You have some freedom when canning sauces because they can be canned using a pressure canner, freeze-canning or a hot water bath!

Simply make your favorite sauce using one of your favorite recipes and can it!

Some popular sauces include apple sauce, tomato sauce, spaghetti sauce, salsa and pear sauce.

Tips for Preserving Foods through Canning and Freezing

As you probably know canning and freezing are two popular ways for people to preserve the foods they love.

In addition, these time honored traditions help you save money and prevent waste also!

However, if you don’t know what you’re doing, it’s possible to ruin the foods you’re trying to preserve as you can and freeze.

Below are some tips to help you achieve success with canning and freezing!

Buy Fresh, Seasonal and Local if Possible.

When you buy foods that are in-season and fresh (they haven’t been sitting for a while), and come from a local farmer then you’re more likely going to get food with a higher nutritional value.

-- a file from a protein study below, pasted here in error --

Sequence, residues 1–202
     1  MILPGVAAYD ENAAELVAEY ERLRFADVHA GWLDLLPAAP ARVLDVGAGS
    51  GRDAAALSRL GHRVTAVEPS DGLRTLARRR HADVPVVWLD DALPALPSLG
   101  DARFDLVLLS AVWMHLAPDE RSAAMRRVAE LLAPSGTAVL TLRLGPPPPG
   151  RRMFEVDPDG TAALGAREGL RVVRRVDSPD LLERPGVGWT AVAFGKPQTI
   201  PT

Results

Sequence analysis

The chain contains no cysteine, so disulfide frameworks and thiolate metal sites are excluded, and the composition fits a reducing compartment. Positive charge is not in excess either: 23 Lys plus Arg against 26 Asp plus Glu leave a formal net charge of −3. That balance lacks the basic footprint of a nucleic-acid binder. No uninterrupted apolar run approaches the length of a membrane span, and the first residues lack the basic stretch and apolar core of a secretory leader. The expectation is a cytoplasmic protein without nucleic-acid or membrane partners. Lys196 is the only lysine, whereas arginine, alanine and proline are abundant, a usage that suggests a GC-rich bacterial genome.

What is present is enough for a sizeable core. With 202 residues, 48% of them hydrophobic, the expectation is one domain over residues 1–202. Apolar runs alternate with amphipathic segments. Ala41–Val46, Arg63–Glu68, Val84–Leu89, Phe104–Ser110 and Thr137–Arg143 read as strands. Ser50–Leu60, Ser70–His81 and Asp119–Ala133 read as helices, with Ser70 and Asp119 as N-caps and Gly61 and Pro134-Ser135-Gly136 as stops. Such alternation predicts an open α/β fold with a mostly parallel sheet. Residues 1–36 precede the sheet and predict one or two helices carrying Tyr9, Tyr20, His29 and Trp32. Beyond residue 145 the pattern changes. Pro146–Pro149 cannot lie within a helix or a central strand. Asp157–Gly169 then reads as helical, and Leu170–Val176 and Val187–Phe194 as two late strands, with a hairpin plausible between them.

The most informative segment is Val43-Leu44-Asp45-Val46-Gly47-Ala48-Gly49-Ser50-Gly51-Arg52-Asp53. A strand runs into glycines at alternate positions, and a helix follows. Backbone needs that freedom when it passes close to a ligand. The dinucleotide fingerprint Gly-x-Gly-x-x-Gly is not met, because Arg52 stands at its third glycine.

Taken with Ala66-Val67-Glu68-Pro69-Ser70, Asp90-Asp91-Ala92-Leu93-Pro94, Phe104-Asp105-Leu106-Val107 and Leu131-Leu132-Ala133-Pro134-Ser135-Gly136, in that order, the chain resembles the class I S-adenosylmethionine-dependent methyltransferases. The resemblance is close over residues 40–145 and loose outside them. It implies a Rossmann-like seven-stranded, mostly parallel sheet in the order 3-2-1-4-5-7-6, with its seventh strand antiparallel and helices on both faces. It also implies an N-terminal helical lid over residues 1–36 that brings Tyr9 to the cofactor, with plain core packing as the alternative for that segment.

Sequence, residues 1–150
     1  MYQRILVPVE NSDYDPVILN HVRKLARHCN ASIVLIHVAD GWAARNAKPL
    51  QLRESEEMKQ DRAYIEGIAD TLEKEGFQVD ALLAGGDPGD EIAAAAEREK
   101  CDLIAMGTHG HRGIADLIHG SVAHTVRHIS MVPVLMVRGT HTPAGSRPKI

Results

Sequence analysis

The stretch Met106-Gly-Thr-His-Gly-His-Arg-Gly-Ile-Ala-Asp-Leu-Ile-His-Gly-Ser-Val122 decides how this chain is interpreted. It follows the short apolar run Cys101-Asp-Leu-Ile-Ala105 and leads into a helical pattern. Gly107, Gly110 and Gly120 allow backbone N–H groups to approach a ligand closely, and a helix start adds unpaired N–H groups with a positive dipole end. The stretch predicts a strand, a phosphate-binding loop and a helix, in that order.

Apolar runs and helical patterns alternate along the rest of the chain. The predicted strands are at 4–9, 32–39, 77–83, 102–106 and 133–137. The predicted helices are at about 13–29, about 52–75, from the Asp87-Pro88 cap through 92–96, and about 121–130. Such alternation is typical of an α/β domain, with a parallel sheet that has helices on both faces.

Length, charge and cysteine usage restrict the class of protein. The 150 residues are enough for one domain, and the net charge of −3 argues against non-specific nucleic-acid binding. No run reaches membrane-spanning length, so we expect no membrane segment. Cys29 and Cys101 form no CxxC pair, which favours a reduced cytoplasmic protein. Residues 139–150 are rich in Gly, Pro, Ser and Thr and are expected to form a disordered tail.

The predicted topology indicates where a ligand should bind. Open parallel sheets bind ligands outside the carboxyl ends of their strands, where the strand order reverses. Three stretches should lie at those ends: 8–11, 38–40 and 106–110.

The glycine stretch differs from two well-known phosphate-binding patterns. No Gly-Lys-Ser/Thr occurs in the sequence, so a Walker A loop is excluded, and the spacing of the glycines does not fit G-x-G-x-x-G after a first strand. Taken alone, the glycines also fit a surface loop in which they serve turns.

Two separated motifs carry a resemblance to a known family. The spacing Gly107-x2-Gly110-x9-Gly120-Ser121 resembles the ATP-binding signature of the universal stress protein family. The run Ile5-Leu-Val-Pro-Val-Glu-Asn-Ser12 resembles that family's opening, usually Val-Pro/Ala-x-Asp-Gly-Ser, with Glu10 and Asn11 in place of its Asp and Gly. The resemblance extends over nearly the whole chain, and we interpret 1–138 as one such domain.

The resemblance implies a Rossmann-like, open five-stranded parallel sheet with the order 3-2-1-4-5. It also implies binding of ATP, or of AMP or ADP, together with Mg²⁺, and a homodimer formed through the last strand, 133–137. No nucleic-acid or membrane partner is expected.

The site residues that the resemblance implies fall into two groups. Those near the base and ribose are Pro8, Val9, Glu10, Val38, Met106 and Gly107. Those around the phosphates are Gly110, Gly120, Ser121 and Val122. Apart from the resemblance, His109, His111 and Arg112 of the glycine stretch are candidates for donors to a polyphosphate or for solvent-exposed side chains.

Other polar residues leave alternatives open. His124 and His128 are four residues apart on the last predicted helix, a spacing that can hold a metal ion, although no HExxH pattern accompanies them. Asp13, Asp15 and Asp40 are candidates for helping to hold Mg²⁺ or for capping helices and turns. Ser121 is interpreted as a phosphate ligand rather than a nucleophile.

These foods are less likely to have been sprayed with chemicals and preservatives and haven’t had to make the long commute from the field to the grocery store either, making them a better quality of food.

Always Sterilize.

When you can food, it’s incredibly important that you sterilize everything first.

Always sterilize your equipment and make sure your recipe is current.

For example, if your recipe calls for a hot water bath, make sure that this is still an effective method for killing all the bacteria.

If not, you will need to use a pressure canner.

Blanch When Freezing.

If you prefer to freeze fresh foods, then consider blanching them first as this will improve your freezing success rate.

Basically, all you have to do to blanch foods is to dip them in hot water for 3-5 minutes, take the food out of the boiling water and immediately dip into ice water.

This stops the cooking process and many say it is effective in keeping the food’s taste, color and texture.

Check Out Sales.

If you notice some sales going on at your local grocery store, check into it, even if you don’t need the food right now. You can save money with sale items.

Canning and/or freezing these foods will ensure that you have them on-hand when needed and eliminate a trip to the store.

Get All Air Out.

It’s important that you get all the air out of the jars and freezer zip bags when canning and freezing.

For freezing, simply place a straw in the corner of the bag, zip the bag up to the straw, then suck out all the air in the bag.

Remove straw and seal. For canning, tap the jar on the kitchen table to get the air bubbles out.

Can/Freeze in Small Quantities.

It’s best to can and freeze items in small quantities. Why?